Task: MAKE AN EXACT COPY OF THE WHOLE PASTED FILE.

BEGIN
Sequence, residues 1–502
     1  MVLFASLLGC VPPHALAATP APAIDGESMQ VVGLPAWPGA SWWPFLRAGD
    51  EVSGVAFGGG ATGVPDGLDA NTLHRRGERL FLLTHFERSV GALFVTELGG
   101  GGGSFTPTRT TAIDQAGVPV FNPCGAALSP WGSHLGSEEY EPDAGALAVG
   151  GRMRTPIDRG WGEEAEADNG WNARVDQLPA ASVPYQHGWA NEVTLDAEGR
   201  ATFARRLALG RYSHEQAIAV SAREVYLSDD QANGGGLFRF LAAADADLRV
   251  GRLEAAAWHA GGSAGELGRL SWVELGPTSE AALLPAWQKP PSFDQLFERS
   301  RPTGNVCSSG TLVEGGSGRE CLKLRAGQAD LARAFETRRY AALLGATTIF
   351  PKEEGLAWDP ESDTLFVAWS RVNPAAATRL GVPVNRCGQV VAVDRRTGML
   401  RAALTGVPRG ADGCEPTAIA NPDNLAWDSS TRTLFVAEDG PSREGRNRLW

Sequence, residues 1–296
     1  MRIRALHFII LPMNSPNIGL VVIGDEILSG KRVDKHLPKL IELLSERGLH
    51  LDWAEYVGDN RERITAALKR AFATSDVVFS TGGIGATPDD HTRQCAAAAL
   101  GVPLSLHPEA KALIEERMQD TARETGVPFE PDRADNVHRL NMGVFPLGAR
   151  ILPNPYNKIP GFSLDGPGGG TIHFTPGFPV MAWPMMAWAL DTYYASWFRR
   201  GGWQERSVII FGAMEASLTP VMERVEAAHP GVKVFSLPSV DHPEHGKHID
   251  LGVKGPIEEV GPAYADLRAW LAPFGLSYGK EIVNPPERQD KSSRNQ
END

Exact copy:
Sequence, residues 1–502
     1  MVLFASLLGC VPPHALAATP APAIDGESMQ VVGLPAWPGA SWWPFLRAGD
    51  EVSGVAFGGG ATGVPDGLDA NTLHRRGERL FLLTHFERSV GALFVTELGG
   101  GGGSFTPTRT TAIDQAGVPV FNPCGAALSP WGSHLGSEEY EPDAGALAVG
   151  GRMRTPIDRG WGEEAEADNG WNARVDQLPA ASVPYQHGWA NEVTLDAEGR
   201  ATFARRLALG RYSHEQAIAV SAREVYLSDD QANGGGLFRF LAAADADLRV
   251  GRLEAAAWHA GGSAGELGRL SWVELGPTSE AALLPAWQKP PSFDQLFERS
   301  RPTGNVCSSG TLVEGGSGRE CLKLRAGQAD LARAFETRRY AALLGATTIF
   351  PKEEGLAWDP ESDTLFVAWS RVNPAAATRL GVPVNRCGQV VAVDRRTGML
   401  RAALTGVPRG ADGCEPTAIA NPDNLAWDSS TRTLFVAEDG PSREGRNRLW

Sequence, residues 1–296
     1  MRIRALHFII LPMNSPNIGL VVIGDEILSG KRVDKHLPKL IELLSERGLH
    51  LDWAEYVGDN RERITAALKR AFATSDVVFS TGGIGATPDD HTRQCAAAAL
   101  GVPLSLHPEA KALIEERMQD TARETGVPFE PDRADNVHRL NMGVFPLGAR
   151  ILPNPYNKIP GFSLDGPGGG TIHFTPGFPV MAWPMMAWAL DTYYASWFRR
   201  GGWQERSVII FGAMEASLTP VMERVEAAHP GVKVFSLPSV DHPEHGKHID
   251  LGVKGPIEEV GPAYADLRAW LAPFGLSYGK EIVNPPERQD KSSRNQ